I’m really glad you asked this question, because it gives us a chance to examine another area of erection/orgasm concerns that hasn’t been discussed much in this forum. Realize that I’m going to give you lots of possibilities, and your role is to figure out whether any of these fit for you, and then explore them.
The dead give-away here is that you have orgasms during self-pleasuring. That probably means that some aspect of being sexual with a partner is problematic and creating conflicts for you, rather than any physical issue. Let’s look at some potential contributory factors.
There’s nothing wrong with you. You may have just convinced yourself there’s something amiss, and now you’ve created a vicious circle. As soon as your penis didn’t do exactly what you wanted, you started to worry. Sex is all about what’s going on in your head. The more you worry, the more your penis isn’t going to cooperate. In fact, it can be downright rebellious! You need to relax. If someone tells you NOT to think of elephants, what’s the first thing you think about? That’s right. Elephants. And if you worry about having an orgasm, same thing: self-fulfilling prophesy.
And BTW, because you’re not having an orgasm during sex with your partner, but trying to do so for a very long time, your penis is probably becoming over-stimulated and numb. Of course, if you haven’t an orgasm after an hour or so, the poor thing is exhausted. Relax and stop worrying and tune into the pleasure of your partner’s skin on yours—or anything else that turns you on. Stop focusing on orgasm and just enjoy. This will go a long way towards distracting you from your anxiety.
Our society does a terrible disservice to men by raising them to think that their penis has to be 10 inches long, hard as a rock and last all night. It’s no wonder that many men feel insecure about their sexuality. Great sex involves your whole body; in fact, having great, mutually satisfying sex is usually quite the opposite of what you see in those performance-oriented sex videos.
The more you think of sex as being about performance, the more you’ll worry that your penis isn’t doing what you think it should. And this can be a vicious circle. For most of us, sex is about fun and pleasure. If you think of it as performance, or a “job,” you’ll set yourself for a stressful experience. Remember: Performance can be the enemy of pleasure and fun.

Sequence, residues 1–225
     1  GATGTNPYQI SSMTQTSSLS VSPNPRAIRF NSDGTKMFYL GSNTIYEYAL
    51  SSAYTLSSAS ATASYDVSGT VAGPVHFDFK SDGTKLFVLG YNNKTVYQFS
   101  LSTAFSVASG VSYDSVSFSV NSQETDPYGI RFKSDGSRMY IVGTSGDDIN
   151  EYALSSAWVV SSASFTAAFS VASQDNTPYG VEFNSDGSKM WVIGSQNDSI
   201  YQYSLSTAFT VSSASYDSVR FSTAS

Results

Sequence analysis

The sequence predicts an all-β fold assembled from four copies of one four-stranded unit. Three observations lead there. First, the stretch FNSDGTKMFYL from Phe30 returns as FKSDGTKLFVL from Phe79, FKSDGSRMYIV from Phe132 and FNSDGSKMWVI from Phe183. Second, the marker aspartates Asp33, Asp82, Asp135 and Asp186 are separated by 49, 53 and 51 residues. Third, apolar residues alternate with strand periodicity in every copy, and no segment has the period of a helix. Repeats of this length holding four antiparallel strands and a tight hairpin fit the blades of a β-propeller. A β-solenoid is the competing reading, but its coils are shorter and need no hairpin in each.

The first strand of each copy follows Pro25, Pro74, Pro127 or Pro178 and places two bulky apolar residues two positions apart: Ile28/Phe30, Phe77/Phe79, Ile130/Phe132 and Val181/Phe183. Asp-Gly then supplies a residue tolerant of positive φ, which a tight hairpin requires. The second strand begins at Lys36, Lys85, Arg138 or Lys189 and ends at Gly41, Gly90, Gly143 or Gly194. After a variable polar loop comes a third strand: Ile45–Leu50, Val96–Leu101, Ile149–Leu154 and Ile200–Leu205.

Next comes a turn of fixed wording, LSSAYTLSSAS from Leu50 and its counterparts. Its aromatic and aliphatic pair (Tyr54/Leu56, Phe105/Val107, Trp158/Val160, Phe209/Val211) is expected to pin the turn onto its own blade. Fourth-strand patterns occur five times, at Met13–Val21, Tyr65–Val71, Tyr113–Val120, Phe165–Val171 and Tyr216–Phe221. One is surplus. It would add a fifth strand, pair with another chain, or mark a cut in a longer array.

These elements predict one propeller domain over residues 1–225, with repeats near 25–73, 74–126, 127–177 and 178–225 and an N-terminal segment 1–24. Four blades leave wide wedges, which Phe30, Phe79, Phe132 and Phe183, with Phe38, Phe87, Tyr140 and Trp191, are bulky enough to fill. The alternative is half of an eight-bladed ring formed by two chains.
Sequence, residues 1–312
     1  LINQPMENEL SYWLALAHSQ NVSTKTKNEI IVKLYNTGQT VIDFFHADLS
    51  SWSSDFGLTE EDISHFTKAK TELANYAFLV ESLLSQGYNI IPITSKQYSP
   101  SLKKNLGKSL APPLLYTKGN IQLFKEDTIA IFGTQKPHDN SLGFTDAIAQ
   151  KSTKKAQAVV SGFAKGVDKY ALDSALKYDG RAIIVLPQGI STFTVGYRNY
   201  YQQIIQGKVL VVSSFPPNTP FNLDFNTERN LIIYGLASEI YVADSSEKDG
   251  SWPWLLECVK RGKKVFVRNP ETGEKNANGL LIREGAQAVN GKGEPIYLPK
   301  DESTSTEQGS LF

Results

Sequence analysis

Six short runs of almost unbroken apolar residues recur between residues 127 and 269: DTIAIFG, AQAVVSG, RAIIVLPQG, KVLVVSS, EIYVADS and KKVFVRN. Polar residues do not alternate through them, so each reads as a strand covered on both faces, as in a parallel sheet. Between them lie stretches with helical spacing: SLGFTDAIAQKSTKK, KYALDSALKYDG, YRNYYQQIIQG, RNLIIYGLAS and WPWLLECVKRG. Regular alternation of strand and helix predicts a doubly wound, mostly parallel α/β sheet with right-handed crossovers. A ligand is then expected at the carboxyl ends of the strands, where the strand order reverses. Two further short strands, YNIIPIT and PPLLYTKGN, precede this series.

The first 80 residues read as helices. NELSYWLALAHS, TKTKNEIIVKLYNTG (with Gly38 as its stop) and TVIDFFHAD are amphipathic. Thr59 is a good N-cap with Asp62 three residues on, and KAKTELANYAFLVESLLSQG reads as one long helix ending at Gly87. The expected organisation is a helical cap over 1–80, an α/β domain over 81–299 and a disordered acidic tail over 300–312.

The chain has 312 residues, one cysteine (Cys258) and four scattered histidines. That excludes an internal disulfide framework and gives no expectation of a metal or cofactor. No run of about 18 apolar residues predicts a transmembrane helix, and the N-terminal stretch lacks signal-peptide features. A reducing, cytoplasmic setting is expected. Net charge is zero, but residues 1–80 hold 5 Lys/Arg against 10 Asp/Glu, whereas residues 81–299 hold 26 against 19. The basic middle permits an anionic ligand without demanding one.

Men receive so many messages that sex is about pleasing a partner, rather than just enjoying the pleasure of it. Everything is goal-oriented—like a football game. The other message that many men receive is that sex is somehow dirty and wrong, unless you’re doing it for reproductive purposes. Sometimes this can creep into our unconscious thoughts and sabotage any pleasure we’re experiencing.
A fairly common factor that inhibits orgasm with a partner is that there are some conflicts in the relationship and you’re feeling anxious or angry. It can be helpful to examine how you’re feeling about him and what else is going on in the relationship.
Lastly, you may be feeling conflicted because of some unresolved sexual orientation issues. Many of us think we’ve handled all that stuff, but it has a way of creeping into our subconscious at the most inappropriate times. Think about your past and whether there are some old messages about being Gay that are still lingering there. Maybe you were teased, did you ever feel like you didn’t fit in, or you did you have some other feelings of being an “outcast”? This can result in internalized homophobia—in other words, self-hate. Some people don’t even realize that any of those old childhood hurts are still lurking about and doing damage. And, in fact, they don’t usually rear their ugly head during casual “booty calls,” but rather only show up once you’re in a relationship. You’ve probably read lots of books about this, but if not, there’s an excellent online bookstore, Lambda Rising, which carries some very helpful books. http://www.lambdarising.com/NASApp/store/IndexJsp
For more information about orgasm, attitude, etc., I highly recommend the book “The New Male Sexuality” by Bernie Zilbergeld, Ph.D. It’s widely available in paperback and is an invaluable resource.
Well, there you have it—a whole litany of possible causes for you to chew on.
Take a deep breath and dive in. Good luck! Dr. J
lol.. hmm jz a qn, but did u have this qn since u were young? or did it start out pretty recently?
try increasing ur foreplay before u engage in sexual activity, foreplay is may mostlikely help u out.